Summary:Exascale Day is 18 October 2020 Exascale Day is the day we celebrate people and organizations actively using supercomputing and computational science to change the world for the better.
WEBINAR: Since 1982, HP, HPE, and Joint Educational Facilities, Inc. (JEF) have been Industry mission-partners with National BDPA and the High Performance Computing (HPC) Community. In this webinar and advance planning briefing for Interns and Industry (APBi) series, we highlight “Artificial Intelligence” or “Ai” along with, HPE, our HPC Community, and achievements across Industry featuring BDPA and JEF collaborations and related success stories. Our question and answer (Q&A) segment is facilitated by Bryan Bemley (JEF.org) and Perry Carter (bdpatoday.com).
Up next with JEF and BDPA: Autonomous Operations: Ai and Compute at “The Edge” and “Edge-to-Core Analytics” (our next sessions featuring HPE are November 7th and 14th).
ARLINGTON, VA — The Consumer Technology Association (CTA)® today announced CES 2021® — January 6-9, 2021 — will be an all-digital experience connecting exhibitors, customers, thought leaders and media from around the world. The new format will allow participants to hear from technology innovators, see cutting-edge technologies and the latest product launches, and engage with global brands and startups from around the world.
“Amid the pandemic and growing global health concerns about the spread of COVID-19, it’s just not possible to safely convene tens of thousands of people in Las Vegas in early January 2021 to meet and do business in person,” said Gary Shapiro, president and CEO, CTA. “Technology helps us all work, learn and connect during the pandemic — and that innovation will also help us reimagine CES 2021 and bring together the tech community in a meaningful way. By shifting to an all-digital platform for 2021, we can deliver a unique experience that helps our exhibitors connect with existing and new audiences.”
CES 2021 will be a new immersive experience, where attendees will have a front row seat to discover and see the latest technology. This highly personalized experience will bring a global event to the comfort and safety of your home or office.
For over 50 years, CES has been the global stage for innovation. CTA’s goal for CES 2021 is to provide an engaging platform for companies large and small to launch products, build brands and form partnerships, while prioritizing health and safety. Members of the tech community thrive by coming together, sharing ideas and introducing products that will shape our future.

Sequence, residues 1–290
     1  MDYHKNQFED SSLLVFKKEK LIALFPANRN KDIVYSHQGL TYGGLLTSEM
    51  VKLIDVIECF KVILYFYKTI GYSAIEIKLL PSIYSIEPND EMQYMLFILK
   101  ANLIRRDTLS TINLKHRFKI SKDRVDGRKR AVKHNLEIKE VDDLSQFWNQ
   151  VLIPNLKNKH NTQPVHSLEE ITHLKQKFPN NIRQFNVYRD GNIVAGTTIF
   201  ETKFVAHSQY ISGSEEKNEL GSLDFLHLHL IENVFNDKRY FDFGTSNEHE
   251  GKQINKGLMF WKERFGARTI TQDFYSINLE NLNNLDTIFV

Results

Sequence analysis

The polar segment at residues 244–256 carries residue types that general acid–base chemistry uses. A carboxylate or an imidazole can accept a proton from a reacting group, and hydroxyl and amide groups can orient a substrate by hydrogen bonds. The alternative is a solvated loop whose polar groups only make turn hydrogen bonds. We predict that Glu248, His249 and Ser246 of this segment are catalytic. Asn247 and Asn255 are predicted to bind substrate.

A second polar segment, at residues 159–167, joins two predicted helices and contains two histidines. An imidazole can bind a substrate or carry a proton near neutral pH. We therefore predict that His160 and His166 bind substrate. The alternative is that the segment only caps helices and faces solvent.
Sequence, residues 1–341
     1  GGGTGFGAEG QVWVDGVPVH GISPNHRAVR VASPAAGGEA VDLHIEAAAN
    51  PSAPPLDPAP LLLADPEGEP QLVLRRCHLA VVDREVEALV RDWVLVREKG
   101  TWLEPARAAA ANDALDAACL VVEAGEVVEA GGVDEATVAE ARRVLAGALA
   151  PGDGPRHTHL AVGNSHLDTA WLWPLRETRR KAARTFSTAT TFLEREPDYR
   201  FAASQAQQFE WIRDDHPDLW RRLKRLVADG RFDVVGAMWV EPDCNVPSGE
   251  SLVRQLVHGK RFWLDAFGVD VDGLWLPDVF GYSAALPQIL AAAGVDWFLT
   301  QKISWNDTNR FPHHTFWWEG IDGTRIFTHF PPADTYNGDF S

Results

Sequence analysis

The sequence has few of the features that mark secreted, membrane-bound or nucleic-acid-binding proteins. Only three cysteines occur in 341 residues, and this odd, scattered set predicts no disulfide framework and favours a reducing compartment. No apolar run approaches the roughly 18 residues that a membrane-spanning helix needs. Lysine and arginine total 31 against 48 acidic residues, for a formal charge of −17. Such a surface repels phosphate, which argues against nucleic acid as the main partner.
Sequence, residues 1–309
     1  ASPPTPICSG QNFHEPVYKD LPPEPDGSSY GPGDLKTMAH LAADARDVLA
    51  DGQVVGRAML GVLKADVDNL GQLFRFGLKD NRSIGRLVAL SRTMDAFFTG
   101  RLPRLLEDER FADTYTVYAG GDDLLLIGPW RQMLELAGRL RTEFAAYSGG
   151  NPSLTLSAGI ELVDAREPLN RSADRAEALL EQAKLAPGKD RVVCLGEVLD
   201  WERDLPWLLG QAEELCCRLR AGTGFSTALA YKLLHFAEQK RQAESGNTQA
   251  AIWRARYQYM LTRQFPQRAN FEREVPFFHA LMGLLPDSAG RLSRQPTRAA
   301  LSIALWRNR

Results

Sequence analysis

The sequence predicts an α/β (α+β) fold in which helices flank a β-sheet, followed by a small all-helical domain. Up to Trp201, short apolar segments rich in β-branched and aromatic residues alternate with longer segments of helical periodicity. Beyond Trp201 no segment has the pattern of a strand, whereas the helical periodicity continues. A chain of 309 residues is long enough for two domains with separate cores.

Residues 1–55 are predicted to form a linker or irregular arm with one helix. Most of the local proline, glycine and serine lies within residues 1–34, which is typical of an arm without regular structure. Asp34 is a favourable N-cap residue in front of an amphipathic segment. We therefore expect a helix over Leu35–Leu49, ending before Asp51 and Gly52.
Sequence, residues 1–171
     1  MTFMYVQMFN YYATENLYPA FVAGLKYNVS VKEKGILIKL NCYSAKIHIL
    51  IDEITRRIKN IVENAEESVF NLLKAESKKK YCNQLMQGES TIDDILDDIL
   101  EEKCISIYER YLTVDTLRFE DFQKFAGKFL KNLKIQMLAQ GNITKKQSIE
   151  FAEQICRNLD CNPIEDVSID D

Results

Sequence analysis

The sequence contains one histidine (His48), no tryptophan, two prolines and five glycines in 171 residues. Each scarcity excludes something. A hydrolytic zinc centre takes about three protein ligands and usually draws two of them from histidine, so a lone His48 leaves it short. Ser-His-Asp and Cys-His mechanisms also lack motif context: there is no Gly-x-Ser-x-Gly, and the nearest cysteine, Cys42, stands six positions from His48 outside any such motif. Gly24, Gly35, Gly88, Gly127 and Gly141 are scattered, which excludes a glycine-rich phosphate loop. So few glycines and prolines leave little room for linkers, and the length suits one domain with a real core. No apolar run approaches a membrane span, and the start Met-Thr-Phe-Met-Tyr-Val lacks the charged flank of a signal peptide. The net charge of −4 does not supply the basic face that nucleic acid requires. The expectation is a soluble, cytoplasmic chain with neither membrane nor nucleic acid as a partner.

Mark your calendars for the first week in January and be on the lookout for more exciting news about CES 2021. CES plans to return to Las Vegas for CES 2022, combining the best elements of a physical and digital show.
SACRAMENTO – California Attorney General Xavier Becerra has issued an advisory for consumers highlighting their new rights as part of the California Consumer Privacy Act (CCPA), which went into in effect on January 1, 2020. The advisory describes consumers’ basic privacy rights under the CCPA and methods for consumers to exercise those rights, information about the data broker registry, and new guidelines related to data security. Enforcement of CCPA is the responsibility of the Office of the Attorney General.
“Knowledge is power, and in today’s world knowledge is derived from data. When it comes to your own data, you should be in control,” said Attorney General Becerra. “In California we are rebalancing the power dynamic by putting power back in the hands of consumers. I encourage all Californians to take a moment to understand their new rights and exercise these rights to take control of their personal data.”
CCPA grants new rights to California consumers
Right to know – Consumers may request that businesses disclose what personal information is collected, used, shared or sold by the business, in both categories and specific pieces of information;
Right to delete — Consumers may request that a business delete the consumer’s personal information held by both the business and by extension, the business’s service providers;
Right to opt-out —Consumers may direct a business to cease the sale of the consumer’s personal information. As required by the law, businesses must provide a “Do Not Sell” information link on their websites or mobile apps;
Rights for minors regarding opt-in consent — Children under the age of 16 must provide opt-in consent, with a parent or guardian consenting for children under 13; and
Right to non-discrimination — Businesses may not discriminate against consumers in terms of price or service when a consumer exercises a privacy right under CCPA.
Businesses subject to CCPA
Not all California businesses are subject to CCPA. A business is subject to CCPA if the business:
Has gross annual revenue in excess of $25 million;
Buys, receives, or sells the personal information of 50,000 or more consumers, households, or devices; or
Derives 50 percent or more of its annual revenues from selling consumers’ personal information.